A hardship waiver is, in effect, a temporary extension of time based on a vehicle owner's inability to pay for necessary repairs due to economic status. To qualify, the person must submit an affidavit indicating either a lack of gainful employment or an annual income that is at or below state and federal poverty guidelines. The person must also submit evidence of any governmental and utility assistance programs providing him benefits, as well as the level of benefits received. Finally, he must attest that he has no other assets that can be used to pay for the necessary repairs. DMV must keep confidential all of the information it gets from someone applying for a hardship waiver. A hardship waiver only grants an extension from compliance until the next time the vehicle is scheduled to be tested.
“CHECK ENGINE” LIGHT FAILURES
One question that frequently arises about the OBD test procedure is the situation with respect to a vehicle reporting for inspection with the “check engine” light illuminated. These dashboard lights, known as malfunction indicator lights (MIL), are part of the OBD system and are primarily designed to alert the operator of malfunctions in one or more of the vehicle's emissions control systems that could be causing it to emit excessive pollutants. The MIL is designed to go on when sensors in the vehicle's OBD system detect any problem that causes the vehicle's hydrocarbon emissions to exceed 150% of the maximum federal standard established for manufacturers for that make and model. Depending on the make and model of vehicle, the illuminated MIL might say “Check Engine,” “Service Engine Soon,” or “Check Engine Soon.”
Usually, the problems associated with an MIL going on do not immediately affect a vehicle's driving performance, but by design they indicate a likely problem with its emissions levels. A MIL that goes on and stays on may indicate a relatively minor emissions problem, such as a faulty oxygen sensor, but if the light flashes on and off it could indicate a more serious problem, such as an engine misfire. When the MIL is triggered the vehicle OBD system stores the diagnostic trouble codes associated with the problem in the computer's memory.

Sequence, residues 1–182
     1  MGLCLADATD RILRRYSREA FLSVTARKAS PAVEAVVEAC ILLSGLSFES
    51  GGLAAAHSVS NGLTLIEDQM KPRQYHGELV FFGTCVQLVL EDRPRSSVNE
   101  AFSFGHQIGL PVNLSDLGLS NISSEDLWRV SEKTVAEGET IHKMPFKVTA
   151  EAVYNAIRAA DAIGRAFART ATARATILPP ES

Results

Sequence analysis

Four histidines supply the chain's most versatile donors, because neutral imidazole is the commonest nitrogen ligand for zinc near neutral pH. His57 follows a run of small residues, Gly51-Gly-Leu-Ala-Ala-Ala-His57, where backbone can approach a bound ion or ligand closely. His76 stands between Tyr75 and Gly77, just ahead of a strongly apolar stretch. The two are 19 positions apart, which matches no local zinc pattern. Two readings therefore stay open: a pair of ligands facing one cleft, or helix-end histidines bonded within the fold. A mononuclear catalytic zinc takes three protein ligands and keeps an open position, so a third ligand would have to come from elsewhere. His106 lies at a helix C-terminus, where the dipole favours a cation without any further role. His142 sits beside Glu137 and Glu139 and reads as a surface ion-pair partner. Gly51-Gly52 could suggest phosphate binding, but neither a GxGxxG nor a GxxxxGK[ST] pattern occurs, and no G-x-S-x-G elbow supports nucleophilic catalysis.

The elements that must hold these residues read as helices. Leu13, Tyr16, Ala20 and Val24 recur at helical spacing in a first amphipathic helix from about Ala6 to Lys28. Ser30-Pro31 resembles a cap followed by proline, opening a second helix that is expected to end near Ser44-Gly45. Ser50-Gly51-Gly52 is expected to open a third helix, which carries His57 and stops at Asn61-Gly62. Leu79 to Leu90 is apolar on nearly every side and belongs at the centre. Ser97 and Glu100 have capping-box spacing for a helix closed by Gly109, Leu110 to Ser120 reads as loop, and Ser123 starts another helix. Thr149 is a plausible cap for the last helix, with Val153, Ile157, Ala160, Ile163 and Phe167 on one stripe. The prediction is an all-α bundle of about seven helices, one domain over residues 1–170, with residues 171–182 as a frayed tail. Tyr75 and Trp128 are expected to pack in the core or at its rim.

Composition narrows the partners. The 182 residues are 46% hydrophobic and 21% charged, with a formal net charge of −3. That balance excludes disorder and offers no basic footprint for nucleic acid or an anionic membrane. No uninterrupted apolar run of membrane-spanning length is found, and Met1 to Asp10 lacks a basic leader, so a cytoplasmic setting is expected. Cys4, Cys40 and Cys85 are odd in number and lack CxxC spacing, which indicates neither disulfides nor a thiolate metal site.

The MIL is supposed to light up when the key is turned to the on position but the engine has not been started. Once the engine starts, the MIL is supposed to go off. If a vehicle inspection technician turns the key to the on position without starting the engine and the MIL does not light up, it is called a “key on, engine off” or KOEO failure. Under the federal OBD inspection procedures that the state must follow, a vehicle with a KOEO condition is considered to have failed the OBD test (40 CFR Sec. 85.2222).
If the inspection technician starts the vehicle's engine and the MIL stays lit, the vehicle is considered to have an MIL “commanded-on” condition. The inspection computer sends a signal to the vehicle's computer to determine the diagnostic trouble codes it has stored, records them in the vehicle test record and, according to the federal test procedure regulations, the vehicle fails the OBD inspection. Since the primary design feature of the MIL is to illuminate when problems with emissions control features of the vehicle cause it to exceed the maximum hydrocarbon levels specified for it, the basic rationale for it failing the OBD test is that its onboard diagnostic system has already detected problems that may need to be addressed before it can pass inspection.
In 2006, almost 65% of the 758,752 vehicles receiving their initial emissions inspections underwent the OBD test procedure. Of the OBD-tested vehicles, 36,298 (7%) failed their initial test. According to the data compiled by the state's consultant for assessing the program's performance, over 85% of all of the OBD test failures are because of MIL commanded-on failures.